The retirement of a distinguished colleague at the height of his powers could seem a misfortune; but, in fact, it raises hope that, freed from the increasing managerial trivia of modern academic life, more time is left to the colleague for future research and travel. On 10 October 2014, the capitis minutio of our colleague Laurens Winkel to the freer status of Professor Emeritus at the Erasmus University of Rotterdam was marked by a symposium in his honour entitled “The Many Faces of Legal History”, after which there was lunch, to be followed at 16.15 by a Valedictory Lecture entitled “Themis and Clio Revisited”.
Celebrations started the night before with a dinner for the speakers at the Symposium organized by Tammo Wallinga of Rotterdam and Antwerp. As well as the symposiasts of the next day, the guests included your Blogger. It was held at the splendid Hotel New York in Rotterdam, based in the former buildings of the Holland America Line, which could be viewed across the busy river Nieuwe Maas from the hotel on the Willemskade where many of us were staying. We had the excitement of the trip to and from dinner by water taxi.
Hotel New York
A pleasant evening was had by all.
The next day the Symposium began. It was chaired by Professor W.J. Veraart of the Free University of Amsterdam, one of Laurens’ pupils. The first two speakers were Professor Xavier Prévost, now of the University of Bordeaux, who spoke of the work carried out by Jacques Cujas on the palingenesia of Roman jurists and its significance. Laurens had been one of the examiner’s of Professor Prévost’s important thesis. Dr Paul du Plessis of this University and Blog, and one of Laurens’ doctoral pupils, then spoke on cursing and suing, a paper based on study of lead curses recently discovered in Bath, putting them into legal context and explaining their significance in a possibly plural legal system – a particularly impressive perfromance. Dr Jacob Giltaij of Helsinki, another of Laurens’ doctoral students, then gave an imaginative and convincing paper about the context of Fritz Schulz’ Principles of Roman Law, teasing out its political significance as an anti-Nazi text. All three provoked discussion and raised probing – if gently put – questions from the honorand. These three outstanding papers set a high standard for the rest.
The high standard symposium continued after coffee. Dr Emese von Bóné of Rotterdam, the first of the home team, presented an “Amuse”, in which she explored the Roman legal and historical context of Mozart’s “La Clemenza di Tito”. This brought together Laurens’ love of music and Roman law. Javier Rodrigues Diez of Santiago de Chile, currently Laurens’ doctoral student, then discussed the continuingly fascinating topic of objective good faith, rather wonderfully using little Lego figures. The final paper was by Tammo Wallinga, professor at Antwerp and teacher in Rotterdam, discussing the importance of the editing of texts as the foundation of legal scholarship, using the appropriate title “Ad Fontes”. Laurens again had a friendly and gracious word for each.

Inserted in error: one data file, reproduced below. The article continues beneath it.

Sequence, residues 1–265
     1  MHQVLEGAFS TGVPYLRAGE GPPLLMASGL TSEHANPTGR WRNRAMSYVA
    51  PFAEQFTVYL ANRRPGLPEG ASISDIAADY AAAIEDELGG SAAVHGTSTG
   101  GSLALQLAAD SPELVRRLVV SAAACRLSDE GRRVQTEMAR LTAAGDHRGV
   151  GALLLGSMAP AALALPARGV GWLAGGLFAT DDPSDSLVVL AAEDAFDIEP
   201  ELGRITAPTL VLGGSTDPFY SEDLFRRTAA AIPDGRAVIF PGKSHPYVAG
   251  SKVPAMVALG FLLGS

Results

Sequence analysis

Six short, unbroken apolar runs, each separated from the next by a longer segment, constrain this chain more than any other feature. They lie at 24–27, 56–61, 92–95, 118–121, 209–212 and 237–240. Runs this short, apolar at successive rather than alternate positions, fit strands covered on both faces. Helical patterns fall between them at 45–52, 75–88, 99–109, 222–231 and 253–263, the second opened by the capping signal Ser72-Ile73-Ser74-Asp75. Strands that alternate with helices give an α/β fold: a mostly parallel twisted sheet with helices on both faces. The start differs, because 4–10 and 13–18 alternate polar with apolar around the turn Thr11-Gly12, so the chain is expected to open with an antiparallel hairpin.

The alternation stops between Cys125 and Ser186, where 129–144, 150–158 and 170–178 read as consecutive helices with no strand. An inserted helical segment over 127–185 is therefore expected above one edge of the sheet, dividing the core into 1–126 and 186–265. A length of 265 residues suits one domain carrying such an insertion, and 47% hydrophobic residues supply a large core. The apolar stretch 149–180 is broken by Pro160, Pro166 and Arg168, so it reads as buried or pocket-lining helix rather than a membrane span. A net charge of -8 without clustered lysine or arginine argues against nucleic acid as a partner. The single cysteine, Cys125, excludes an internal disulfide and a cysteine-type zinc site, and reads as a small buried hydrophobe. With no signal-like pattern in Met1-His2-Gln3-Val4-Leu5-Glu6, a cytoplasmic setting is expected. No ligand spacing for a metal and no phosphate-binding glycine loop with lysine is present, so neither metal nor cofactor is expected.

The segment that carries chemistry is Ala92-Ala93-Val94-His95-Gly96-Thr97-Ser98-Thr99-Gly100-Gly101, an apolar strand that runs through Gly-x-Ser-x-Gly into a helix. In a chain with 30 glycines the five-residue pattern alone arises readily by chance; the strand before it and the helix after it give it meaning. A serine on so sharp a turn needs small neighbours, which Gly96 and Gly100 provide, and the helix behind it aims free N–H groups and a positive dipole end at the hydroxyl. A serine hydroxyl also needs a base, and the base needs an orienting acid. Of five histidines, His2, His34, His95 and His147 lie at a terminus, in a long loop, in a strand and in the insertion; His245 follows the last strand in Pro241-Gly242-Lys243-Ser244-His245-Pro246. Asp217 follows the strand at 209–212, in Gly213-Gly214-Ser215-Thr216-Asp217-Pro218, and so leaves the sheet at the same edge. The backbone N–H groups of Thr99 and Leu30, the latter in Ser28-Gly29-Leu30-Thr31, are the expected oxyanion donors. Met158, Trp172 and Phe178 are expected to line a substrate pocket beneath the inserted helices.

The symposium then moved to a presentation, with Professor Veraart again taking the floor. In an amusing and affectionate speech, he introduced a Festchrift prepared in Laurens’ honour, a special issue of Ars Aequi, entitled, Recht & Chaos. It contained a number of photographs of Laurens’ office; if they were meant to illustrate chaos, they did not seem to do so to this Blogger, whose office is even more apparently disorganized. But Professor Veraart spoke graciously and Larens responded in like vein. Laurens then presented gifts of pens to those who had spoken.
Lunch followed. After which your blogger and some friends went and sought out some of the beer specially brewed for autumn.
Lunch and beer (for a true symposium)
At four o’clock the formal ceremony began. Professors robed and then formed into a procession led by the bedellus with the mace led by Laurens and the Dean into the aula magna of the University. Such is the affection and esteem in which Laurens is held, this was the largest such procession your Blogger has ever seen. The Dean introduced him, and then Laurens spoke eruditely and amusingly on his theme of the importance of legal history. The Dean then gave an account of Laurens’ career, and others also spoke in his praise. He was also presented by his colleagues with a volume entitled (in Dutch), Useful, but Important: Sayings in Law for Laurens Winkel.
A reception followed for the huge crowd.
In the evening Laurens hosted a dinner at the Royal Maas Yacht Club, splendidly situated on the Nieuwe Maas in central Rotterdam. Again this was an elegant event with affectionate speeches, including one by Laurens’ own Doktorvater, Professor Emeritus Hans Ankum, and also one by his partner, Peter. He was presented with a whimsical portrait of himself floating over Rotterdam in his Edinburgh doctoral robes.
In all, a dear friend was suitably honoured and suitably honoured his guests.
Laurens had declared that he did not want a Festschrift. Not only did that modest remark remind individuals that he deserved one, it was also very wisely ignored. We have seen he was presented with a special issue of Ars Aequi. Early in September, he had been presented with another Festschrift in Naples at the international Roman Law conference, the Société Internationale pour l’Histoire des Droits de l’Antiquité. Such is Laurens’ reputation, and the love people bear him, there were over 90 contributors and it reached two volumes. Entitled Meditationes de iure et historia: Essays in honour of Laurens Winkel it was edited by Rena van Bergh et al. Finally there was the presentation of the volume at his lecture. A true measure of a professor is the esteem and affection of his colleagues and the love of his pupils. Laurens is eminently blessed with both.